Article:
With a surge of consumer demand amid the COVID-19 lockdown, Next reached its daily self-imposed limit for eCommerce activity soon after reopening its online business on Tuesday (April 13). The U.K. clothing retailer’s website had re-launched its site for selected products like small home items and childrenswear, Reuters reported.
Next closed its retail locations on March 23, a day prior to the U.K. going into lockdown. It stopped its eCommerce business on March 26, with pressure from warehouse staffers concerned about their wellness. The retailer said it had reopened part of its online operations following “very extensive additional safety measures” and discussions with workers as well as its recognized union.
Next will only allow orders for the quantity of products it believes can be safely picked and packed by employees. When it reaches that limit, it will stop accepting orders for the day and will change the website to “browse only” status. The retailer also said it has “completely re-organized” the operations of its warehouses to allow for strict social distancing. It has also implemented policies like enhanced sanitation and the ability for safe movement when coming into, moving through and leaving each site.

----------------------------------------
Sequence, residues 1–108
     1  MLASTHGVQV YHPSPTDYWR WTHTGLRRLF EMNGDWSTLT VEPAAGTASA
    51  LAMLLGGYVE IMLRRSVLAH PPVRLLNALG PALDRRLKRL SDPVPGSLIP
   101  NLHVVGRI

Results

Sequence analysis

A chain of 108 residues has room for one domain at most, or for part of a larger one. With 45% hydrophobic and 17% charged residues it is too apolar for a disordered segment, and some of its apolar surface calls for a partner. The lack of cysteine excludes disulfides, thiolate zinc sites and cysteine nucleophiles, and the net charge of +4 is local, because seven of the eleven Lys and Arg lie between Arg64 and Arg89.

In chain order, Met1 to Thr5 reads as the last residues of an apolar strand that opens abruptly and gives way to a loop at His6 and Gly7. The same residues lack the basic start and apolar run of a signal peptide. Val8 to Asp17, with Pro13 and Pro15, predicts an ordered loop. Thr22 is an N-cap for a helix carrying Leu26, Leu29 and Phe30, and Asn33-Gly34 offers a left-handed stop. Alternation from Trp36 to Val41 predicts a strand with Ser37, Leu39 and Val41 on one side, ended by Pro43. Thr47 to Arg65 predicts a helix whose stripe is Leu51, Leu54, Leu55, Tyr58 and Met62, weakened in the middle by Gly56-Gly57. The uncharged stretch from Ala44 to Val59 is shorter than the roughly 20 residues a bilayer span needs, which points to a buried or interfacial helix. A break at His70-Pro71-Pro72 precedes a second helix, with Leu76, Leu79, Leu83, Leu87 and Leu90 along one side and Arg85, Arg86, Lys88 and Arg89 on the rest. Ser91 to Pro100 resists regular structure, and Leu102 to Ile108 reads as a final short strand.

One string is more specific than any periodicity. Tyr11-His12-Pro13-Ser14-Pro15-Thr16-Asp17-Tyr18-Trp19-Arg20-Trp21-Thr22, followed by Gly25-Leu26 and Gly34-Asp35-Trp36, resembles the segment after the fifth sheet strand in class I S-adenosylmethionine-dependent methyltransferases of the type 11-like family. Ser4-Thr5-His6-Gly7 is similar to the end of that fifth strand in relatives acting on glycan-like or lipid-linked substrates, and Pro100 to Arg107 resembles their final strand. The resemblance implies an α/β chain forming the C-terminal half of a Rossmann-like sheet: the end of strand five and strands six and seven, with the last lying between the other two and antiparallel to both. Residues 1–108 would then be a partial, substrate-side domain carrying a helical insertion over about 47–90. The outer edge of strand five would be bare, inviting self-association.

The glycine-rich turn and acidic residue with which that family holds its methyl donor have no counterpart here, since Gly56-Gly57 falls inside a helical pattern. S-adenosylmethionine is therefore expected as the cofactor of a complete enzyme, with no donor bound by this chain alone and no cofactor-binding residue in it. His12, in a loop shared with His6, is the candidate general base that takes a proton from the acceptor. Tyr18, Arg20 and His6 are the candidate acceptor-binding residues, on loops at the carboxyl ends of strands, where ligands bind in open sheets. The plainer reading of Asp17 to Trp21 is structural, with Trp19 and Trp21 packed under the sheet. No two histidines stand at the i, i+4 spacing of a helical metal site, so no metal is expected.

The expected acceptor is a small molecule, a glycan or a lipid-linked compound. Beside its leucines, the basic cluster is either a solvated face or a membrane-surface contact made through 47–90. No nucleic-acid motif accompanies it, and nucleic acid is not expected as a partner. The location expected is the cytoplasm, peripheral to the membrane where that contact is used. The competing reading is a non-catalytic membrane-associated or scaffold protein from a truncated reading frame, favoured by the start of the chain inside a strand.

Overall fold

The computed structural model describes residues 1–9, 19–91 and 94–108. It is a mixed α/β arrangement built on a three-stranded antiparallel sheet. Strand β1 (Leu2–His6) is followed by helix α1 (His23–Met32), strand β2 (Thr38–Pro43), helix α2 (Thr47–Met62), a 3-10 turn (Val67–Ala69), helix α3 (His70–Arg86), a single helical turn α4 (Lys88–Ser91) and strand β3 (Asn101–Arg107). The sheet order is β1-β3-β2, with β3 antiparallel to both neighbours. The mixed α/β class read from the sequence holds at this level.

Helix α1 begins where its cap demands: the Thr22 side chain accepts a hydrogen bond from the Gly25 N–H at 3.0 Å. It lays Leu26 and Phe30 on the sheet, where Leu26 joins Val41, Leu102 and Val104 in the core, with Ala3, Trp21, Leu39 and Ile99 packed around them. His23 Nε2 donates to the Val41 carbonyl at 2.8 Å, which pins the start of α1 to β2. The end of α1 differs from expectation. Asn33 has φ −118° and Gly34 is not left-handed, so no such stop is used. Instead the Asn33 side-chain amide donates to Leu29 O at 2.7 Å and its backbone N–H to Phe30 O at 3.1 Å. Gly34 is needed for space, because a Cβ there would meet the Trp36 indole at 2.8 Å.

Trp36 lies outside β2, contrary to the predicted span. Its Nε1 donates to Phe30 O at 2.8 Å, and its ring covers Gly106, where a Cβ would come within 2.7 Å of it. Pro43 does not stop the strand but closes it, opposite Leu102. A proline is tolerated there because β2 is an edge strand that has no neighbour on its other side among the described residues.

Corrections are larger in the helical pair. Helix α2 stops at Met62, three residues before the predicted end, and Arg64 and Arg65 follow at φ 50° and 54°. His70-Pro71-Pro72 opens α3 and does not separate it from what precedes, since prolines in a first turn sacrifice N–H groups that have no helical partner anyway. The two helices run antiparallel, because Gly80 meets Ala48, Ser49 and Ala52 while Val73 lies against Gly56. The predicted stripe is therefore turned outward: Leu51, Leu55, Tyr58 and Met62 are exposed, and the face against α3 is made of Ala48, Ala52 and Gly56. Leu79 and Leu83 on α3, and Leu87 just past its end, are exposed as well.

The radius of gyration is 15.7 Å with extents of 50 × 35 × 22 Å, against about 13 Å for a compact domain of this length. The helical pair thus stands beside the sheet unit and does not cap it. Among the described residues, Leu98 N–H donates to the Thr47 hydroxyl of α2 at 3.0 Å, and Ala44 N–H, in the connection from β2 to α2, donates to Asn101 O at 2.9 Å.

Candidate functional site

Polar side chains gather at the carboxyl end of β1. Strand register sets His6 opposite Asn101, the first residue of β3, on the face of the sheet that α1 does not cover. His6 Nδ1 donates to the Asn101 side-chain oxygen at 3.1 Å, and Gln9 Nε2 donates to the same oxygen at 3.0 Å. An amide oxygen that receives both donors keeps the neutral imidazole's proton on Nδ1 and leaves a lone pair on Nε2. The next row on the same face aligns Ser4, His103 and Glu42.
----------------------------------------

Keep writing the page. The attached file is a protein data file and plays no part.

Next noted that operations will begin pending the availability of staffers who want to go back to work and have the ability to do so without using mass transit. A representative said that over 3,000 volunteers had already offered to go back to work and would receive bonuses.
In separate online shopping news, a new survey discovered that Walmart Inc. saw its year-on-year eCommerce grocery sales skyrocket in March to reach almost $900 million. The retailer’s March sales were reportedly up 21 percent from February. Walmart attributed the spike to strong demand for products as shoppers stocked up amid the coronavirus pandemic. Hand sanitizer, alcohol, toilet paper and cough and cold remedies were said to be among the top-selling items.